LONDON — British manners being what they are, most recipients of London’s Olivier Awards tend to eschew Sally Field or Cuba Gooding Jr.-esque brouhaha in favor of appearing as grown-up and professional as possible.
The three young “Billy Elliot” leads sharing the award for best actor in a musical at the Feb. 26 ceremony had no such career-minded inhibitions. And what’s more, their infectious jubilation was shared by the entire room.
“Billy Elliot” snagged Oliviers for musical, actor(s), choreography and sound — only a few days after it was announced that two of the new actors to play Billy in the alternating cast will be non-white.
Director Stephen Daldry described 12-year-old Matthew Koone as being “as Mancunian as they come and a Chinese kid.” Later in the year, 11-year-old black Brit Layton Williams will join the list.
The business of color-blind casting is rare in U.K. musical theater but not unknown. Black actor Gary Wilmot successfully took over in “Me and My Girl” — for three years — with no script changes. Yet when black ex-“EastEnders” actress Michelle Gayle played Belle in Disney’s “Beauty and the Beast,” the theater received letters of complaint along the racist lines of “How can you expect me to explain to my granddaughter that Beauty is black?”
Daldry is unfazed by the possibility of unsettling racists. “You can’t legislate against bigotry,” he remarked with a shrug. “These kids have all struggled. They’ve all been the only boy in their dance classes. These two have also survived as the only Chinese or black boy there. I find their achievement terribly moving.”
Daldry’s determination in the face of potential criticism stands in stark contrast with the worrying change of heart by New York Theater Workshop’s James Nicola, who has postponed the transfer of Alan Rickman‘s Olivier-nominated London production of “My Name Is Rachel Corrie.”
The solo show, a success in two SRO Royal Court runs in 2005, draws together the diaries and emails of the articulate, idealistic 23-year-old from Olympia, Wash., who joined the Intl. Solidarity Movement in Gaza in 2003, and died beneath an Israeli bulldozer.
The show was artistically strong enough for Nicola to have done the deal — NYTW’s computer ticketing system was advertising tickets, the production team’s flights were booked — but his reversal after consulting various Jewish community leaders seems, at best, naive. No minority community that sees itself under threat is ever going to grant script approval to a play enshrining a dissenting voice.
Nicola maintains that NYTW’s hesitation concerning the play was dictated in large part by the challenge of pulling together the New York run in only two months.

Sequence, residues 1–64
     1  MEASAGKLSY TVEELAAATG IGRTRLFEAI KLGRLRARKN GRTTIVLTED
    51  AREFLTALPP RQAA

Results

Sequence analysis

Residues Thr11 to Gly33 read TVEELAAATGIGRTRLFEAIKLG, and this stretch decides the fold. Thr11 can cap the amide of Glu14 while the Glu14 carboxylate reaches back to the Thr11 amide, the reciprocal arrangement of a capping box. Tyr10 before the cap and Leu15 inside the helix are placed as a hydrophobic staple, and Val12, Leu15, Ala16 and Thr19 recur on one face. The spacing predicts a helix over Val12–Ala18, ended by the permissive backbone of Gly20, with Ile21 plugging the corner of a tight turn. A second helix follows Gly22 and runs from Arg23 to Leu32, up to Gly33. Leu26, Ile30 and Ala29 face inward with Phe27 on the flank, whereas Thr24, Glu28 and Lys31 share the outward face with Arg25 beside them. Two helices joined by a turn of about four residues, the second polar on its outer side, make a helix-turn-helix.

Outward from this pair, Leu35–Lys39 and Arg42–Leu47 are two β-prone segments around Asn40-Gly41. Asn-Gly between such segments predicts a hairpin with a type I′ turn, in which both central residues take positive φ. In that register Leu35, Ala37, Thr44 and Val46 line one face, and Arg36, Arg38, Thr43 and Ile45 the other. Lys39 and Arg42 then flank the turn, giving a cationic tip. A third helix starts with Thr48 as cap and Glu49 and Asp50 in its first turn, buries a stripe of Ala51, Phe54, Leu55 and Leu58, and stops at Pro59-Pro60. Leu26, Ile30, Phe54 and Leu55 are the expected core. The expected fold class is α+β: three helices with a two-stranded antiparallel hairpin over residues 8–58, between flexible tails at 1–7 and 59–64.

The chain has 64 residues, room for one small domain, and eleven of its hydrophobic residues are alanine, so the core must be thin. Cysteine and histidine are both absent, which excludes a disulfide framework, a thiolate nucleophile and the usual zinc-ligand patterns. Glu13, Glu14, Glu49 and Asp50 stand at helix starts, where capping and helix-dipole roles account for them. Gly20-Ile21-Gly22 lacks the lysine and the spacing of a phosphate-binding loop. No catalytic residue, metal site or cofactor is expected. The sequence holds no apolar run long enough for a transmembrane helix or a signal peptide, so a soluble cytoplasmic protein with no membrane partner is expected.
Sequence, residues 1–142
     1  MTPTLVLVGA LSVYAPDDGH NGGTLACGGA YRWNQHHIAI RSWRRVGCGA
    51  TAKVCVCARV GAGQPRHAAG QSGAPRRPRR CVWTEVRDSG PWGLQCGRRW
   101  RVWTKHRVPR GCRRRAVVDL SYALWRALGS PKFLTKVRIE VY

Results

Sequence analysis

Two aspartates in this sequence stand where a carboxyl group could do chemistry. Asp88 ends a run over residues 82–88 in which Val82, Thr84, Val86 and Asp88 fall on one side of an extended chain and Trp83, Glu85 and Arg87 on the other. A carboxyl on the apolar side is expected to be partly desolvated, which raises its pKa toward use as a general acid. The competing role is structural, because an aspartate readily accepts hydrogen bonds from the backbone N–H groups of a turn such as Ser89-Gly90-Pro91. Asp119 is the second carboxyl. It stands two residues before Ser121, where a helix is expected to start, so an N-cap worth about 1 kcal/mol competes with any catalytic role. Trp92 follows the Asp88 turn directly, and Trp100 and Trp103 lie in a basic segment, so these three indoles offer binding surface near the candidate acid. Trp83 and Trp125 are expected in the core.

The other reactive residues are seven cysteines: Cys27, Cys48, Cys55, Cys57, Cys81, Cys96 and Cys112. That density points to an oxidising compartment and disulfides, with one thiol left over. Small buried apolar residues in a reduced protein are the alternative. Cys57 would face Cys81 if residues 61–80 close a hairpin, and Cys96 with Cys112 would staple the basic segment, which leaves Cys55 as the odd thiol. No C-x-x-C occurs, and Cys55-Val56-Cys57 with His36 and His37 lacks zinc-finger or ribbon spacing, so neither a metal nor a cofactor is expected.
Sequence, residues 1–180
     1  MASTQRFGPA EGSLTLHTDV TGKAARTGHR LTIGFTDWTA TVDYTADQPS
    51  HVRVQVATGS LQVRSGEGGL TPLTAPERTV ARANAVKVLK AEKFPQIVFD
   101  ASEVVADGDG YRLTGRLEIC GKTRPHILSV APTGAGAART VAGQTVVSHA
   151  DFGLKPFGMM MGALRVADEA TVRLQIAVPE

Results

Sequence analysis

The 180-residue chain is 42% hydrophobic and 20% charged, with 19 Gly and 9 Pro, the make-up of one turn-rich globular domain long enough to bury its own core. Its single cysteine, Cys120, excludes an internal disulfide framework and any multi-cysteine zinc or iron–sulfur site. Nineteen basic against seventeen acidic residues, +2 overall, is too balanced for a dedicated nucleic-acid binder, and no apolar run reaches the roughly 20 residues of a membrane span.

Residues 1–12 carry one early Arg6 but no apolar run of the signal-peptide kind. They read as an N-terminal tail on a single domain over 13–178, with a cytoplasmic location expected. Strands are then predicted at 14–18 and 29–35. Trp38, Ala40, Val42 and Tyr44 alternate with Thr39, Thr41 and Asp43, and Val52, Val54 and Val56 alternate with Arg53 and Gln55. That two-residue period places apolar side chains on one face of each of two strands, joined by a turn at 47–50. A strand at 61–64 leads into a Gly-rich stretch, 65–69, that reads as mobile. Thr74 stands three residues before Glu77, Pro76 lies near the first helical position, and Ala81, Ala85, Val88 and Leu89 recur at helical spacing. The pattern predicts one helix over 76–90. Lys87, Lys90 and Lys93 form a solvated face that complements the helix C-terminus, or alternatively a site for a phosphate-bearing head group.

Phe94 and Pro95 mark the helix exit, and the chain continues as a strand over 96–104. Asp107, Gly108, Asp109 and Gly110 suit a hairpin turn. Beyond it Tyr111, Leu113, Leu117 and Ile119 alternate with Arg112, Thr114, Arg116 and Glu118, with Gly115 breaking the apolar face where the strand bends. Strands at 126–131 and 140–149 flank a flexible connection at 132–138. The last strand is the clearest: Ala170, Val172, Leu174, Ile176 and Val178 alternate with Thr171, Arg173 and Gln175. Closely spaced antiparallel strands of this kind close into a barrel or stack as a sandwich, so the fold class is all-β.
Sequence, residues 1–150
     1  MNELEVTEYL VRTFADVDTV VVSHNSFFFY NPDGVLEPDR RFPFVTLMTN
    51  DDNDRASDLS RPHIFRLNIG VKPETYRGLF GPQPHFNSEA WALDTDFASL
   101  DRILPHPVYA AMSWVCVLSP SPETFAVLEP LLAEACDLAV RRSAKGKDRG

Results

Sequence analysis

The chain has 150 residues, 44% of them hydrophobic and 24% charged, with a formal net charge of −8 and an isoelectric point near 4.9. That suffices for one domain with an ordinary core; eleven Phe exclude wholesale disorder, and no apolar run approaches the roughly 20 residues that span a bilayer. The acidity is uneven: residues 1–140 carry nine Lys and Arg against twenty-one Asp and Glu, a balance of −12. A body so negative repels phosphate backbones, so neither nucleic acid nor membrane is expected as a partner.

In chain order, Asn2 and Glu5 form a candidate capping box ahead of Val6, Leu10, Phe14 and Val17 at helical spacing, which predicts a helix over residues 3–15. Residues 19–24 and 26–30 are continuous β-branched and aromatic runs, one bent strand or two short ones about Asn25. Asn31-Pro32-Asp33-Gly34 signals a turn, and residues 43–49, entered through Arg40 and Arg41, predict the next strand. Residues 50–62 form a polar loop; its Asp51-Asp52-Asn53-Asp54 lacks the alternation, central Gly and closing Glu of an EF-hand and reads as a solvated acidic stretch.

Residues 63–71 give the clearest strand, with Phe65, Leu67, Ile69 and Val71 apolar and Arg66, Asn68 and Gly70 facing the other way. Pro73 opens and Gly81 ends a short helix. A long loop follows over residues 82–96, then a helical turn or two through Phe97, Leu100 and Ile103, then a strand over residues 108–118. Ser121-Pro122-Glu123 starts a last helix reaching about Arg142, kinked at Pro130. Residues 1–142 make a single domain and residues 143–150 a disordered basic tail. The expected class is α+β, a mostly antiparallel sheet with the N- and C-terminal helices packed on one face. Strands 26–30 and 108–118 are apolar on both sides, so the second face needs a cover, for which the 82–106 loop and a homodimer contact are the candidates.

“As we went through the process, we lost confidence that, in the short time we had, we could to the best of our abilities keep Rachel Corrie’s voice heard above the din of other voices attempting to use the play for their own political purposes,” Nicola tells Variety. “We were never for a second concerned about the response from people who actually sat in the theater and experienced the work — the strength of the piece speaks for itself.”
That fails to explain why they went so far toward production before pulling back. But Nicola insists, however, that the NYTW run eventually will go ahead.
“Our commitment to the project has never wavered,” he says. “We asked a rather routine question, or so we thought, of our colleagues: Could we move to a later date and find the time for us to do our job better? That question has been interpreted by them as censorship. It bewilders us and disappoints us.”
Disregarding the pressurized availabilities of the director, actor and theater — or, indeed, the unlikely relaxing of surrounding political sensitivities — quite how long that process will take remains unclear. What is clear is that his theater is entering the arena not of censorship but self-censorship. Silencing debate by caving in to potential bigotry from those who haven’t seen the work is very dangerous.
What other topics does the theater consider too risky on the grounds that they might inflame people who merely hear about them? And will politicized writers like NYTW regular Caryl Churchill or David Hare be happy to have their work seen there again?
Meanwhile, Off Broadway’s loss for now is the West End’s gain. From March 28-May 7, the planned Gotham dates, producers David Johnson and Virginia Buckley will present the show at London’s Playhouse Theater.